It worked even though I came into this thinking very little about the Yankees. When we're not doing well and they're positioned as the story, I can't help but notice how they're doing, thus I can't help but actively root against them. This year, because we've shoved them over to only half the New York stage, I haven't been assaulted by their progress, so except for some topline stuff on injuries and alibis, I haven't really kept up on them. I like it that way.

But I wouldn't care if they were 0-40 coming into one of these. I'd want them to be 0-43 when it was over and not just for the simple math that would translate to us being 43-0 (dream big dreams). I hate them. I've always hated them. There's nothing to like about them. If you put them in front of us — assign the task of defeating them to us, not a bunch of random Royals, Rangers or Red Sox — then it's as crucial as crack that we seize that opportunity six times out of every year.

Six is a good number to my thinking. Three on the site of miracle and wonder, three where it's dark and gloomy. That's equitable (though six at Shea and none wherever they play would be preferable). I heard a talk show host who doesn't like this setup suggest, “Why don'tcha just have them play each other 162 games then?” but that's just faulty logic. Then again, that was Michael Kay, so whaddaya expect?

As long as we're bashing afternoon drive time morons, it's zero hour minus 46 or so for the insult of insults, the Mets-Phillies broadcast that has been delivered on a blue and orange platter to Blowhard and the Retard. I was annoyed at this on principle at first. Now I'm annoyed at it in practice. Business will take me away from my beloved Gary Cohen on Thursday afternoon, thus at some point I will actually be relying on Mike Francesa and Chris Russo to tell me what is going on in a regulation Mets game, pitch by pitch, play by play. Maybe I'll just listen for the woodpeckers (beats listening to those peckers).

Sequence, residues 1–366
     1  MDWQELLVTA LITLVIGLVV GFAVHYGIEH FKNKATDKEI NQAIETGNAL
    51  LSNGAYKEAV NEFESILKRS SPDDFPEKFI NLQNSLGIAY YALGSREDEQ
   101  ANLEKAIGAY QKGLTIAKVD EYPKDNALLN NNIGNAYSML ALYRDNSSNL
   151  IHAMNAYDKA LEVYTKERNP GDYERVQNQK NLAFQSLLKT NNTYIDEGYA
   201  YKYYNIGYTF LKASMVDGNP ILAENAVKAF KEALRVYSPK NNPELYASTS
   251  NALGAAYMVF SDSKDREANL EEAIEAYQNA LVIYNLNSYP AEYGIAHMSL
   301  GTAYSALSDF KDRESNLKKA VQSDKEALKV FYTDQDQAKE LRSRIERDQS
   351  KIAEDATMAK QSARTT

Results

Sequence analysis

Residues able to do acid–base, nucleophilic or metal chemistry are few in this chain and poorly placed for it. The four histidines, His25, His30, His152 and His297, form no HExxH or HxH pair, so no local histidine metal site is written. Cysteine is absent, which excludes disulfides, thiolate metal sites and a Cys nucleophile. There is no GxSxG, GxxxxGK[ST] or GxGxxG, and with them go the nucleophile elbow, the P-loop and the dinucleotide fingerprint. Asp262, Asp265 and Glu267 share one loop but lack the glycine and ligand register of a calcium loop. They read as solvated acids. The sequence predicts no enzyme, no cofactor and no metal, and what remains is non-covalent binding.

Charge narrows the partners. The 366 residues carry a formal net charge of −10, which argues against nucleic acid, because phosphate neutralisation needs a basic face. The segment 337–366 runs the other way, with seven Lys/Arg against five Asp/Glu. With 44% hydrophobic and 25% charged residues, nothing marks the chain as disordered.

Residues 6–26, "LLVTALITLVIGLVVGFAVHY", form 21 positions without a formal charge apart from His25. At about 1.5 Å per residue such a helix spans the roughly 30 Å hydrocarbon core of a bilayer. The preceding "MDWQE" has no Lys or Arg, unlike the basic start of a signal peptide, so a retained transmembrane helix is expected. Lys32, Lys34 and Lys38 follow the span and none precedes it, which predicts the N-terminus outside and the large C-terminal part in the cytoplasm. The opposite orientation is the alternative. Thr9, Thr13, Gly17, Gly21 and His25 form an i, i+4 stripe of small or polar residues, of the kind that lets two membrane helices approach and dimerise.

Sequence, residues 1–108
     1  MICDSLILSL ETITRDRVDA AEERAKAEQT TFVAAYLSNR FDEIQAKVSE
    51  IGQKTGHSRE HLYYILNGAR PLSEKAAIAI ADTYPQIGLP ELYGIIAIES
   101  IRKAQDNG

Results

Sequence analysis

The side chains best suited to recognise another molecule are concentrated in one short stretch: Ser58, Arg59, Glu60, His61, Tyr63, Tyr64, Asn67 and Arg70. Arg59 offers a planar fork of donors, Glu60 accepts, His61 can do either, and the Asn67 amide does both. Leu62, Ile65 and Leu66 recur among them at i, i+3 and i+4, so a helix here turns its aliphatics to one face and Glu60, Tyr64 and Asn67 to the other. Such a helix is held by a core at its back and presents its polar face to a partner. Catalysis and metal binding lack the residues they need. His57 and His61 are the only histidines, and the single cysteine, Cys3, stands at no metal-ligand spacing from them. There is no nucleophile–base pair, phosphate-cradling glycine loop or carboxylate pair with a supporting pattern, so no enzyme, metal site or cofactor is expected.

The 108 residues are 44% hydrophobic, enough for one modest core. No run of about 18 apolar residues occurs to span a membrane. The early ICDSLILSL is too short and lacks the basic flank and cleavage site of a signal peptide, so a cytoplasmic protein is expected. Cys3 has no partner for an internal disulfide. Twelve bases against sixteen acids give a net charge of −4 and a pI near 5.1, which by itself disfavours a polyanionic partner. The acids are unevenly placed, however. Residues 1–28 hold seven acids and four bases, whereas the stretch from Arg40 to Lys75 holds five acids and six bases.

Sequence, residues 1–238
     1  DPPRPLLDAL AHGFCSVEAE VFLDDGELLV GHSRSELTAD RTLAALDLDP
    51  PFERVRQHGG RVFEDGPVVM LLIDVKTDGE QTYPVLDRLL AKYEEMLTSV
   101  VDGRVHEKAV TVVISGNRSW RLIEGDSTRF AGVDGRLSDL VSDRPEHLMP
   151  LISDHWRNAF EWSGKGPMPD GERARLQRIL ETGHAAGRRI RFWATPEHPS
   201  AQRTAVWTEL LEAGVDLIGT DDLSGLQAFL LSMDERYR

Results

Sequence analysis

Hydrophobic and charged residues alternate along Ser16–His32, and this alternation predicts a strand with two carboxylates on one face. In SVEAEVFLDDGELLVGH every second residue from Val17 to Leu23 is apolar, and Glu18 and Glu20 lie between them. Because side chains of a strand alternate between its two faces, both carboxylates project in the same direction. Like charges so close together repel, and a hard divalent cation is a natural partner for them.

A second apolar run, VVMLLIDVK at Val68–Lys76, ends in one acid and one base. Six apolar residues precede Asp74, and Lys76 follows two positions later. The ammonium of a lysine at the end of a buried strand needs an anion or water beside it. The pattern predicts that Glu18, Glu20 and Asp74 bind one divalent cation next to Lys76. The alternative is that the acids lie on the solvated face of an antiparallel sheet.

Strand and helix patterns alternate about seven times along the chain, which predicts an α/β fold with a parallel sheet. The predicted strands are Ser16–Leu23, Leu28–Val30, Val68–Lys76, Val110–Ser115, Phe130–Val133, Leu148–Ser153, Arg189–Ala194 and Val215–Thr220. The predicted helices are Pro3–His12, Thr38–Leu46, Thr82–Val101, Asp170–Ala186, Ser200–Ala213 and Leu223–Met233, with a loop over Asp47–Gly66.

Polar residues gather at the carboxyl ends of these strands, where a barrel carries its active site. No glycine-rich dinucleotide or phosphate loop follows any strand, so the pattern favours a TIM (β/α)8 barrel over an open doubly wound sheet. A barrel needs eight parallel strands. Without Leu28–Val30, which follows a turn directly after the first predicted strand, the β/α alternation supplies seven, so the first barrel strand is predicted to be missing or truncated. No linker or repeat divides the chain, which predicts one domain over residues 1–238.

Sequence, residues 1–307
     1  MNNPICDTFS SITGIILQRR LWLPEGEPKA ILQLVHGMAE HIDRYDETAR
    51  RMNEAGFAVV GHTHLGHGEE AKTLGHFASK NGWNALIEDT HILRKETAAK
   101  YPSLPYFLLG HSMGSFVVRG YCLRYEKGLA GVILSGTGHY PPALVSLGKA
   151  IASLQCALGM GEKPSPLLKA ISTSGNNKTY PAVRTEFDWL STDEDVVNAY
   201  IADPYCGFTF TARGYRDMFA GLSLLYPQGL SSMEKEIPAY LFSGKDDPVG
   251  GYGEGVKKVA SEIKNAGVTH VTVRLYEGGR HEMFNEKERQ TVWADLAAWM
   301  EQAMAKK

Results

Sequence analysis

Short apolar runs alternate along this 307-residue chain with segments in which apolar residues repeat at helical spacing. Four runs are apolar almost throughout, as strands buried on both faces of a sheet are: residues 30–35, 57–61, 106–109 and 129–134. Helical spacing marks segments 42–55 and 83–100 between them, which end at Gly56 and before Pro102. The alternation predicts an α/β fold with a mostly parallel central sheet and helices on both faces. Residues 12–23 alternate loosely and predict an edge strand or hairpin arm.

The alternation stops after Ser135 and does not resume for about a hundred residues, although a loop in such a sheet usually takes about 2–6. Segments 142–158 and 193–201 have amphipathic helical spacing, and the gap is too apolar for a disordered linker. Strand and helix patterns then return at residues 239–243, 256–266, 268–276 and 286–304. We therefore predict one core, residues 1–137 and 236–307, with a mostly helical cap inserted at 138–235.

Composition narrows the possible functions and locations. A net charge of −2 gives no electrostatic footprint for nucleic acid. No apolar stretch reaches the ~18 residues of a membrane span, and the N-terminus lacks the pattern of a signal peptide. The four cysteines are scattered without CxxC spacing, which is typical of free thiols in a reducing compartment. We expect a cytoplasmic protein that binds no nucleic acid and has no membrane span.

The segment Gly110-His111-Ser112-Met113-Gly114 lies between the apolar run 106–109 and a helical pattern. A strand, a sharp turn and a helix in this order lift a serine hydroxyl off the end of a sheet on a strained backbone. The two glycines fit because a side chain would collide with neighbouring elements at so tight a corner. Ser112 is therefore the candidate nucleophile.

If you need one more reason to hate this, think of the slap it is at loyal, talented, Metsblooded Howie Rose. Maybe Howie's good-humored about this. Maybe he'll enjoy his day off. But I doubt it. Back in 1990, when Howie was a backup PBP'er and Murph wasn't going to make a road trip (a rarity then), whoever was running the FAN decided it would be a fine idea to pair Gary Cohen with the son of Jack Buck in St. Louis and the grandson of Harry Caray in Chicago. Howie disguised his disgust only moderately. When a caller told him he deserved the gig, he replied, “my father owned a hardware store.”

Howie actually used to drive me just a little crazy by his evenhandedness toward the Yankees when he was call-taker. He admitted he came from a generation (maybe the recessive part of it) that was able to root for the Mets and not hate the Yankees. That was long before Interleague play was more than a World's Fair exhibit, so I suppose it wasn't completely off the wall.

I think the calm, rational, can't-we-all-just-get-along? Howie Rose got caught all the way up in the Subway Series Friday night. When The David's ball fell between Damon and the wall, Howie accented the moment in an absolutely Amazin' Matteau! Matteau! manner: Put THAT in your books! The Mets beat Rivera in the ninth! Why not? It was a four-alarm classic, it deserved a four-alarm siren.

Like the two contests that followed, it sure as hell wasn't just another game.